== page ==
CARROLLWOOD — To celebrate Florida’s Arbor Day, the Village Institute for Sustainable Technologies and Agriculture Gardens welcomed a new addition to its 3.31-acre park: the Marlberry tree.

“January is a good time in Florida to plant a tree,” said Jennifer Grebenschikoff, VISTA Gardens president, in her opening remarks. “We have so many people to thank for this, especially some friends of ours here. This means so much to us, we will take a tree any day of the year as long as it’s a Florida native.”

Grebenschikoff thanked the Moonlight Garden Circle of the Tampa Garden Club for its generous donation of the tree and the cost of its installation. There are three varieties of the Marlberry tree, two of which are non-native to Florida. The one installed at VISTA Gardens is the Ardisia escallonioides, chosen by garden member Vicki Kuse.

“I’m a volunteer at the USF Botanical Gardens and when I saw the Marlberry in bloom there, I just loved it,” Kuse said.

Kuse was asked to adopt the tree and after doing a little homework, decided it would be the right fit. It’s the only Marlberry tree featured at the gardens, and it will grow from Pasco County southward to the Florida Keys. Kuse told attendees during the Florida Arbor Day celebration that the Marlberry is expected to bloom with white flowers in the summer. It will also grow edible berries, enjoys the shade, and can grow up to 18 feet.

Mary Davis, secretary of the Moonlight Garden Circle, explained how every year, each circle in the Tampa Garden Club tries to find a community place that needs a tree.

“One of our members moved out this way and happened to find this beautiful niche at VISTA Gardens,” Davis said. “We’re always looking for ways to give back to the community; that’s the whole idea of the Tampa Garden Club, to put our resources back into the community.”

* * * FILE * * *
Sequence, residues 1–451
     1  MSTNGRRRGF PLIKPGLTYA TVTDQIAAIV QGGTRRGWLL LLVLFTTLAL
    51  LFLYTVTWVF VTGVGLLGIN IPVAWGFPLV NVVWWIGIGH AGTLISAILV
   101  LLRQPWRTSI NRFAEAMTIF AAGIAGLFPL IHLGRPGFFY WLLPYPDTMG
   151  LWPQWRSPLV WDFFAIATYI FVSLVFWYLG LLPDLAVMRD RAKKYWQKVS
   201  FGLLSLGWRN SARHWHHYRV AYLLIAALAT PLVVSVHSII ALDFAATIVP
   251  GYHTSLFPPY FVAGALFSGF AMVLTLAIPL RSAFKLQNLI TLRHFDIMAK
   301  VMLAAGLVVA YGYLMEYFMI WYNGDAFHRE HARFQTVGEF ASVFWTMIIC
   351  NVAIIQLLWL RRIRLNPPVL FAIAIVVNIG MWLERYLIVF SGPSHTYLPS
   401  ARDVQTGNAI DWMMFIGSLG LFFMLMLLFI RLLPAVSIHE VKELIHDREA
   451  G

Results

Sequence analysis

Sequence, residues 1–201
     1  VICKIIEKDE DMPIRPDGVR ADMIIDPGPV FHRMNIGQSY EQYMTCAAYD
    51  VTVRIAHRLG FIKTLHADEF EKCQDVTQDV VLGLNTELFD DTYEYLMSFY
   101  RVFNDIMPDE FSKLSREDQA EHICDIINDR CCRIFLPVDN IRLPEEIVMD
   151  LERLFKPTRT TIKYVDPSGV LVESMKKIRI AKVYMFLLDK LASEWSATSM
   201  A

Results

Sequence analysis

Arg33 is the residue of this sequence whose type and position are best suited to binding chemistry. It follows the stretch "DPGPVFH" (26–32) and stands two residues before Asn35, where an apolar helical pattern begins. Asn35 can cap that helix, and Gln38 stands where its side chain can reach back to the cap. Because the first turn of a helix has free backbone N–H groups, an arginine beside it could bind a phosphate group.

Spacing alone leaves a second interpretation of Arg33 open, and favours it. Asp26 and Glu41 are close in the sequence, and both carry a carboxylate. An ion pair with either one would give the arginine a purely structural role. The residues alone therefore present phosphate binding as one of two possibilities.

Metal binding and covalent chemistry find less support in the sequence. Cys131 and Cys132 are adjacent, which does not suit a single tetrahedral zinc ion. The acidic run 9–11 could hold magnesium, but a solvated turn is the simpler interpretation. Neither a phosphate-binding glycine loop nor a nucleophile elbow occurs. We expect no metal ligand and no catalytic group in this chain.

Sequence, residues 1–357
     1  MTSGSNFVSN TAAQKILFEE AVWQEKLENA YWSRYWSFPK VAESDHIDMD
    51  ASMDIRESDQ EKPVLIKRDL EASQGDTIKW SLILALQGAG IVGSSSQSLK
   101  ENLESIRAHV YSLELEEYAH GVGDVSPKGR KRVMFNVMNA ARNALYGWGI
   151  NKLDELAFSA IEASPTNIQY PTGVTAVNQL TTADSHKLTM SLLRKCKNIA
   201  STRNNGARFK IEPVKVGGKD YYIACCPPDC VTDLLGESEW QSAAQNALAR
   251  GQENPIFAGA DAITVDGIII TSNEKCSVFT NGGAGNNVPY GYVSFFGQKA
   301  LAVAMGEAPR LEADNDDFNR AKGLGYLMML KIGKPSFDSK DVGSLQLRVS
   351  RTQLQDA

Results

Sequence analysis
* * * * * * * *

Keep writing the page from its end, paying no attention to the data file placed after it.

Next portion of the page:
Michele Vatalaro, Moonlight Garden Circle president, added, “Each location can choose what tree they want. Sometimes they let the Garden Club pick it, and we try to pick something appropriate for the place and to educate them on how to take care of it. These folks knew exactly what they wanted and where they wanted to get it from.”

The city of Tampa allows the Moonlight Garden Circle to have a beer tent at Gasparilla, which is how members are able to raise money for purchasing trees and donating them.

Members of the Moonlight Garden Circle meet monthly to learn how they can make their gardens more beautiful. They also host plant swaps, take field trips, and host events for members and experts to share their gardening expertise.

VISTA Gardens organizes events throughout the year and offers memberships for gardeners. Members will trade or donate the fruits of their labor, and AARP has sponsored a bed for the purpose of serving a local food pantry. VISTA Gardens also educates the public on how to be sustainable by using solar power.

To learn more about either organization, visit or